After experiencing years of botched construction projects, Broward’s school district on Wednesday approved a controversial outsourcing plan that it argues will restore credibility — while also saving taxpayers money.
The dramatic shift required laying off more than 40 in-house employees last year. It’s too soon to say whether the change will improve Broward’s construction practices, but there is already lots of criticism.
For one, Broward picked its new project manager, San Franciso-based URS, with a selection process that was rife with irregularities. The district’s Facilities Task Force, a citizen oversight group, even took the unusual step of holding a protest vote over how it took place.
Among the problems: Broward’s selection guidelines were so confusing that when a tie between two companies occurred, the district didn’t know how to pick a winner. Then, two of the competing firms were abruptly disqualified — an action that solved the tie-vote dilemma but left some observers even more suspicious of the process.
On Wednesday, the Broward Teachers Union, which represents some of those who lost their jobs, complained that the district’s new project management contract is blatantly more expensive than what in-house employees used to earn. Broward’s new $1.7 million agreement with URS will allow the company to charge a 45 percent markup on its services.
Some of that markup is supposed to be pay for rent and other overhead costs but, the union contends, Broward may ultimately allow URS to operate rent-free at a district-owned building. That scenario would mean that URS could pocket the entire 45 percent as profit.
“That’s a pretty good markup,” said Virgil Cruz, the union’s vice president of technical support professionals. “I would say that’s a pretty good business to get into.”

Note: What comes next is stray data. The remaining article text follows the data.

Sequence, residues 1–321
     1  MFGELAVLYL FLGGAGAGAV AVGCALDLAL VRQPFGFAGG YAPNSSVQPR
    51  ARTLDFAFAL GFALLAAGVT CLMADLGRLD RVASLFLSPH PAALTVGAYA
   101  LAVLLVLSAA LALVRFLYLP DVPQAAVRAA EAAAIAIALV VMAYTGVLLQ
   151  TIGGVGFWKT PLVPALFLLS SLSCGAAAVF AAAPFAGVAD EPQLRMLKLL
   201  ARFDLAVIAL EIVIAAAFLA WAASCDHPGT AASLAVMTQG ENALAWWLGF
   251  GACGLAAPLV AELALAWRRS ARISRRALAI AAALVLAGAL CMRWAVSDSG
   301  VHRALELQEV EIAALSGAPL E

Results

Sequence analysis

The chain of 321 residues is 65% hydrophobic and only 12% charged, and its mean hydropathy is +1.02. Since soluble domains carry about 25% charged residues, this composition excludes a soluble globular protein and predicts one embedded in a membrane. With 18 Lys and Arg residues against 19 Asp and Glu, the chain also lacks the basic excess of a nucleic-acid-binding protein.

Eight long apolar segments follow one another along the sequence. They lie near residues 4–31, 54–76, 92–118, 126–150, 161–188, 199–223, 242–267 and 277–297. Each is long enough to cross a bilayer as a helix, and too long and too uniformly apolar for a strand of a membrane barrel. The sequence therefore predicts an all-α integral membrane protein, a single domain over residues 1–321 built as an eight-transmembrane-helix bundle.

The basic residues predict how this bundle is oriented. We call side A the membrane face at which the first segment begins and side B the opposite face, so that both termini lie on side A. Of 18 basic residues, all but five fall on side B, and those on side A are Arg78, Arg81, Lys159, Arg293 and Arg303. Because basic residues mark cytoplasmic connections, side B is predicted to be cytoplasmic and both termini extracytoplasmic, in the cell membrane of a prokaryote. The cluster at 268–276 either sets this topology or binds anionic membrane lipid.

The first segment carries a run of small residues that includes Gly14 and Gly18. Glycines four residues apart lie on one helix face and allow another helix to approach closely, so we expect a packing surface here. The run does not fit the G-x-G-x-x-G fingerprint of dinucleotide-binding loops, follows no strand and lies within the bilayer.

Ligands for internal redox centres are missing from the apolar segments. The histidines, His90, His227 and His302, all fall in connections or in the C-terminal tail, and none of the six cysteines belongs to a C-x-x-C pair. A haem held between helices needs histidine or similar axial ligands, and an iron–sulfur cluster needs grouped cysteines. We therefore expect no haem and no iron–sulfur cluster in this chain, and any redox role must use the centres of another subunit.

Thanks to the layoffs, there are now other services — such as architectural design, engineering and the prioritizing of construction projects — that Broward will need to hire additional private companies for. The cost of all those contracts put together may well exceed the $3.1 million that Broward saved from the layoffs.
Cruz and other union officials argued against the outsourcing before Broward’s School Board, but the plan was approved by a 6-1 vote. Board member Nora Rupert cast the lone “no” vote.
“I’m not saying we don’t need a change,” Rupert said. “My goodness we do need a change, I’m just not exactly sure this is the change.”
Leading up to the vote, Broward Schools Superintendent Robert Runcie insisted that the outsourcing would ultimately save money. He also emphasized that the district needs to change the way it does business, in hopes of finally fixing its Facilities Design & Construction Department. The department has repeatedly been a source of embarrassing scandals — both for wasteful spending and unethical back-room dealing.
But some who led the department, and who were heavily involved in past mistakes, got to keep their jobs. It was largely rank-and-file employees who were dismissed.
Broward has a massive backlog of needed school repairs — such as leaky roofs — and little money to pay for them. The district is considering asking voters to approve a bond issue similar to the $1.2 billion spending plan approved by Miami-Dade voters in 2012. In asking for public support, Broward will likely cite the outsourcing as evidence that this is a new-and-improved facilities department.
“This is a great opportunity for us to make a significant departure with the past and to continue to move forward,” Runcie said.
Broward School Board member Donna Korn, in supporting the outsourcing, said the profit margin for URS was unimportant if the district ultimately saves money.
“A business would not be in business if there wasn’t a profit,” she said.